CV. How the coronavirus infects cells — and why Delta is so dangerous

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Scientists are unpicking SARS-CoV-2’s life cycle. By Megan Scudellari. How the coronavirus infects cells — and why Delta is so dangerous (nature.com)

Recopilado por Carlos Cabrera Lozada. Director del postgrado de Medicina Materno Fetal. Universidad Central de Venezuela. ORCID: 0000-0002-3133-5183. 28/07/2021

A computer simulation of the structure of the coronavirus SARS-CoV-2.Credit: Janet Iwasa, University of Utah

The coronavirus sports a luxurious sugar coat. “It’s striking,” thought Rommie Amaro, staring at her computer simulation of one of the trademark spike proteins of SARS-CoV-2, which stick out from the virus’s surface. It was swathed in sugar molecules, known as glycans.

“When you see it with all the glycans, it’s almost unrecognizable,” says Amaro, a computational biophysical chemist at the University of California, San Diego.

Many viruses have glycans covering their outer proteins, camouflaging them from the human immune system like a wolf in sheep’s clothing. But last year, Amaro’s laboratory group and collaborators created the most detailed visualization yet of this coat, based on structural and genetic data and rendered atom-by-atom by a supercomputer. On 22 March 2020, she posted the simulation to Twitter. Within an hour, one researcher asked in a comment: what was the naked, uncoated loop sticking out of the top of the protein?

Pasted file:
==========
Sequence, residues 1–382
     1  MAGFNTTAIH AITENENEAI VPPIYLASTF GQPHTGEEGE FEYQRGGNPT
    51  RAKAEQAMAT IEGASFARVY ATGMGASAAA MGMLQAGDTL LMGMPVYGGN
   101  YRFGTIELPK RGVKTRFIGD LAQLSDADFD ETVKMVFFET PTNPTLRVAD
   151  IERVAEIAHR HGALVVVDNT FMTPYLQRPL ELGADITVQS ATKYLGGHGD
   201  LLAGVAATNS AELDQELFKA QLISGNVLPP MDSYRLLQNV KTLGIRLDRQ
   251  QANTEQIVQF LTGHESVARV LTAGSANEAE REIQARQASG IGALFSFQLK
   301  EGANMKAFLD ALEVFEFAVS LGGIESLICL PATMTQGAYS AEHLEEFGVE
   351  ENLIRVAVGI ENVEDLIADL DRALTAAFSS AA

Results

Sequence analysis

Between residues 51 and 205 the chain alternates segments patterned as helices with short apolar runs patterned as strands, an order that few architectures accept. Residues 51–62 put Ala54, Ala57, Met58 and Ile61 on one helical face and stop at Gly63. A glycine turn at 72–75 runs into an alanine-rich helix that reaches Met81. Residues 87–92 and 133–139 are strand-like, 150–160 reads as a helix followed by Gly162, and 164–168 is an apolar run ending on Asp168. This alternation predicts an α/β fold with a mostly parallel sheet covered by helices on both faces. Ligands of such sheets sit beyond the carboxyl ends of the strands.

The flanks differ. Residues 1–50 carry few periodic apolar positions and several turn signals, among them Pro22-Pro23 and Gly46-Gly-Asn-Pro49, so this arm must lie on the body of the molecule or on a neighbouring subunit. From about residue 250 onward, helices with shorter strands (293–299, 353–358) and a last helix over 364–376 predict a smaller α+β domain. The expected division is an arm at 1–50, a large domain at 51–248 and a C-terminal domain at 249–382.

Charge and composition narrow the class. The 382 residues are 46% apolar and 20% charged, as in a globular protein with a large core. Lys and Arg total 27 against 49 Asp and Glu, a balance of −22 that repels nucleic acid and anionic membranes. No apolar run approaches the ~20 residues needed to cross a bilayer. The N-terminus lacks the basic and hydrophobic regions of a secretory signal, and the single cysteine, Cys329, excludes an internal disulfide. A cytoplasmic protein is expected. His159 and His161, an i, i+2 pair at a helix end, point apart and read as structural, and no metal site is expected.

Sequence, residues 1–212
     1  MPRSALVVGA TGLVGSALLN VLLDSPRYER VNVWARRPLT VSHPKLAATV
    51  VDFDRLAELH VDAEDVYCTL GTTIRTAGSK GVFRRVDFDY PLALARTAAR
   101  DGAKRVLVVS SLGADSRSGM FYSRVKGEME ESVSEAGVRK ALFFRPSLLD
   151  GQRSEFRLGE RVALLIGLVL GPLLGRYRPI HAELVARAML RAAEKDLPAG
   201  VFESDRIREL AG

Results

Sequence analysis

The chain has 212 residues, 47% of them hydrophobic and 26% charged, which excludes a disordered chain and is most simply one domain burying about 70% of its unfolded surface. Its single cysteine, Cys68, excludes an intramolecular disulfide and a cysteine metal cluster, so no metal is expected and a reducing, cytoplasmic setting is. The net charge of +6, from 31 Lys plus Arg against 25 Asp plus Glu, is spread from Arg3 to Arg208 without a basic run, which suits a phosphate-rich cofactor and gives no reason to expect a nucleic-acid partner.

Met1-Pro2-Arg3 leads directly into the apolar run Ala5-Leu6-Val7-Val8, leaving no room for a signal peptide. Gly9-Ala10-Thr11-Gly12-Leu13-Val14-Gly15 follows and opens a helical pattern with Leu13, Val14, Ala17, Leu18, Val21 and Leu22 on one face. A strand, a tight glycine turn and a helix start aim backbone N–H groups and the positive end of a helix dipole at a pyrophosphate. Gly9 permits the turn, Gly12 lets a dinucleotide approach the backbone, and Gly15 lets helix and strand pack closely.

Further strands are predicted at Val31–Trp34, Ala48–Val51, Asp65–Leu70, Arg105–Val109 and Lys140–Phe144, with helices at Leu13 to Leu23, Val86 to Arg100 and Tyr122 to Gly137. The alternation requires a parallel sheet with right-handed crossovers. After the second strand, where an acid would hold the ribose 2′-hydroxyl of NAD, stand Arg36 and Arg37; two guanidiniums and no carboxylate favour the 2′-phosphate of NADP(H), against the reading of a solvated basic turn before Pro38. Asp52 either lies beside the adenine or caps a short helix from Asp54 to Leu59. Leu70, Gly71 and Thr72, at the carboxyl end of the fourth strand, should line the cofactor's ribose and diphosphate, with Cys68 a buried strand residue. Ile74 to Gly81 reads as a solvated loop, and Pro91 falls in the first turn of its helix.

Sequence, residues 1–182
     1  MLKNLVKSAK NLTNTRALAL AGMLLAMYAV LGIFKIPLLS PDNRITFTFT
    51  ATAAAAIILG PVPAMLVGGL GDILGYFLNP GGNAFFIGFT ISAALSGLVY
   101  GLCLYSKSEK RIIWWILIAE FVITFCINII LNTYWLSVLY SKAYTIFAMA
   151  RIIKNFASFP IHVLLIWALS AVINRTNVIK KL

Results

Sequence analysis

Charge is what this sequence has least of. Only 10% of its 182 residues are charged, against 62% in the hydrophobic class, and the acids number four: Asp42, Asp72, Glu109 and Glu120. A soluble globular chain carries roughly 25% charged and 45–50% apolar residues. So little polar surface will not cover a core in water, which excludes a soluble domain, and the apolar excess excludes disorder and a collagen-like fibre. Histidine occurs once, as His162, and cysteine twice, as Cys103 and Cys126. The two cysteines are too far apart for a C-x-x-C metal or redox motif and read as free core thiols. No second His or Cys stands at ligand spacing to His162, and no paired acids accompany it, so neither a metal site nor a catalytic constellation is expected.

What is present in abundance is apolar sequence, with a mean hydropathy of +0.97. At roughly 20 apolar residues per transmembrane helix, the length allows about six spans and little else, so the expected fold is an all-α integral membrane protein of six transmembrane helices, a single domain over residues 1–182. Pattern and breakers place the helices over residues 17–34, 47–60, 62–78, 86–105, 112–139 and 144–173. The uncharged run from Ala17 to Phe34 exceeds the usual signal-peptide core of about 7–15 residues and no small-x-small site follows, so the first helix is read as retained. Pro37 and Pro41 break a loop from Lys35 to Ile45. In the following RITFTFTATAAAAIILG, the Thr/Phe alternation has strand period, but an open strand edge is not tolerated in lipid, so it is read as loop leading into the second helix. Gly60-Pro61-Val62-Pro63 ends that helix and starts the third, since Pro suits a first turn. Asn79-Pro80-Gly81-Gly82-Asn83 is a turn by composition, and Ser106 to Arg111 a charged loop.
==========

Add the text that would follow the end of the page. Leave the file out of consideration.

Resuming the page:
Amaro had no idea. But ten minutes later, structural biologist Jason McLellan at the University of Texas at Austin chimed in: the uncoated loop was a receptor binding domain (RBD), one of three sections of the spike that bind to receptors on human cells (see ‘A hidden spike’).

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